An impromptu beauty contest held on HMC ships. Oddly enough, even in the days when the entire ship's company consisted of men there were usually enough bikinis and evening gowns onboard to properly outfit the contestants.
Minister of National Defence.
Moaning and dripping
The Canadian Forces. eg. "Is he still in the Mob?" Somewhat reminiscent of the same use of the term to refer to the mafia.
Man Overboard Exercise
Military Occupational Code. An organizational code that describes a sailor's role, or job.
Modification to a piece of ship's equipment.
Molar Mangler
The Dentist.
Scullery worker. Also see "Scullery Slut".
Monkey Fist
The complex knot surrounding (sometimes taking the place of) the weight on the end of a heaving line.
Monkey on a Stick
Any foreign food that is ingested by sailors on a port visit. More so, if the item is actually served on a stick.
Monkey's Island
A raised part of a ships bridge around the compass binnacle.
Moose Milk
A tasty beverage created by mixing dark rum and ice cream in a large punch bowl or pail. There are several differing recipes containing other ingredients such as Kahlua liqueur, vodka, Tia Maria, milk or egg nog, but the main ingredients remain as dark rum and ice cream. A Moose milk party is often referred to as "Moosers".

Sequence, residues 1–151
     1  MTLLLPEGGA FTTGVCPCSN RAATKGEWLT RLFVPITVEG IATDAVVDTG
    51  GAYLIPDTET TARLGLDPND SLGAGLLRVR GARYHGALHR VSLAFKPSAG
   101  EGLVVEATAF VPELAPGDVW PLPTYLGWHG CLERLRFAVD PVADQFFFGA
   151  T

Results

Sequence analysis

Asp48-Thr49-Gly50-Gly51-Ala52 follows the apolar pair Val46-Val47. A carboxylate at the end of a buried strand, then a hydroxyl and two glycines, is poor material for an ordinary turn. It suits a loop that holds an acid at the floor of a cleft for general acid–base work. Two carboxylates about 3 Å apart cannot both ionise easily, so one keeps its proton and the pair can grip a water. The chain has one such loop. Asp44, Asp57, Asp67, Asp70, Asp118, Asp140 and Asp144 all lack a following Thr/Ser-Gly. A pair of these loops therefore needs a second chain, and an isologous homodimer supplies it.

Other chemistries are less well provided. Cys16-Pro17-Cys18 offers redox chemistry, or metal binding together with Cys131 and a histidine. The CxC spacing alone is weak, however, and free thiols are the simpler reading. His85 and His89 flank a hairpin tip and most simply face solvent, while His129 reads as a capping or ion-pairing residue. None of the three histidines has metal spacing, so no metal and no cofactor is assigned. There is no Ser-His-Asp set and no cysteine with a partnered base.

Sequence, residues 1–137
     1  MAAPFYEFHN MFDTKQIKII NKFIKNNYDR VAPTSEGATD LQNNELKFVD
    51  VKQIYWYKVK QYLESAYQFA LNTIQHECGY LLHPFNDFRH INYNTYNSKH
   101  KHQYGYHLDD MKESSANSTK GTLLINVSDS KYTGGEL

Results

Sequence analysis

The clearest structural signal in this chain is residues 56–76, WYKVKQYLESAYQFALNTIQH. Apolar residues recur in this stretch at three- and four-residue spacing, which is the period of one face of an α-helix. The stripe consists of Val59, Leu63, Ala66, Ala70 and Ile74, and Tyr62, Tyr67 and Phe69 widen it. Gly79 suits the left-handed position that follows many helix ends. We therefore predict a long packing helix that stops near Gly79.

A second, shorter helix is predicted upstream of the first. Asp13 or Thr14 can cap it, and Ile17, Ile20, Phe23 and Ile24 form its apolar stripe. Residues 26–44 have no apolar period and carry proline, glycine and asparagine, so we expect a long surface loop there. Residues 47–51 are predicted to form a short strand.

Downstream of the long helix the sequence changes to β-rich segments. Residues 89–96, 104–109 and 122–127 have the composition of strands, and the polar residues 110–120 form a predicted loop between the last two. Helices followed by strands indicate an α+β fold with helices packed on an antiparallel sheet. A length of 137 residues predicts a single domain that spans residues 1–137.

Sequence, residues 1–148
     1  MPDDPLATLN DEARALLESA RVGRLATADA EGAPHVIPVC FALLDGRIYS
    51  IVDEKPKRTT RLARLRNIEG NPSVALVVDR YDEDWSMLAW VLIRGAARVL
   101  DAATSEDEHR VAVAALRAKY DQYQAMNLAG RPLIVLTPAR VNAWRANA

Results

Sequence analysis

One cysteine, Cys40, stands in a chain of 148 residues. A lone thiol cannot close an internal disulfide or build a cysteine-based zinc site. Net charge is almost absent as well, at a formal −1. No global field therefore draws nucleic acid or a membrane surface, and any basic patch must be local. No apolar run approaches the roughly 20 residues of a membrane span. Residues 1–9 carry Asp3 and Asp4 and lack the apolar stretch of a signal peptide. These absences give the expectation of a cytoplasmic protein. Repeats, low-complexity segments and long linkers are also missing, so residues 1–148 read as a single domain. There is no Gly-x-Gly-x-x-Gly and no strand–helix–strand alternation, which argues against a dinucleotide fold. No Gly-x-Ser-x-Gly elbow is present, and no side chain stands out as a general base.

Morale patch
An embroidered patch worn on the Naval work uniform. The patch is custom-made to represent the ship or unit, or to point out a specific deployment.
Morning soup
Hot soup served on workdays at morning stand-easy, which normally takes place at 1000 in HMC ships. The ship's cooks often prepare the dish using leftover what-nots making it a cost-effective treat. This is a tradition passed down from ship to ship as a popular idea that contributes to the welfare of the ships company.
Morse Code
A method of transmitting text information through a language of long and short tones. At one time, morse code was the main method of communication between naval ships and the shore.
To secure a hook by winding a line around a hook, so that the gap in the hook is closed off.
"Much regrets unable", a negative response to the invitation "RPC". The opposite of "WMP", which stands for "With much pleasure".
A sailor with poor aptitude and competence.
Muscle Boatswain
1. Someone who enjoys body-building and weight-lifting.
2. Physical fitness training staff.
Mushroom (Feel like a)
How a sailor complains that they are kept in the dark and fed shit.
An officer commissioned from the ranks.
Mustang Suit
A full body waterproof neoprene suit used for small boat operations in foul weather.
1. The formal inspection of issued equipment which is been laid out in any manner is a kit muster.
2. An order to group together at a location, as in the pipe "All hands muster on the quarterdeck".
Muster by the Open List
This is a muster of the entire ship's company, wherein each member reports name, rank and duties on board. This practice originated in the Royal Navy, to counteract the practice of some ship's pursers of having non-existent people on the ship's rolls (and thereby pocketing the pay and benefits of these non-people).
My Party
A sailor's best gal... or man for that matter.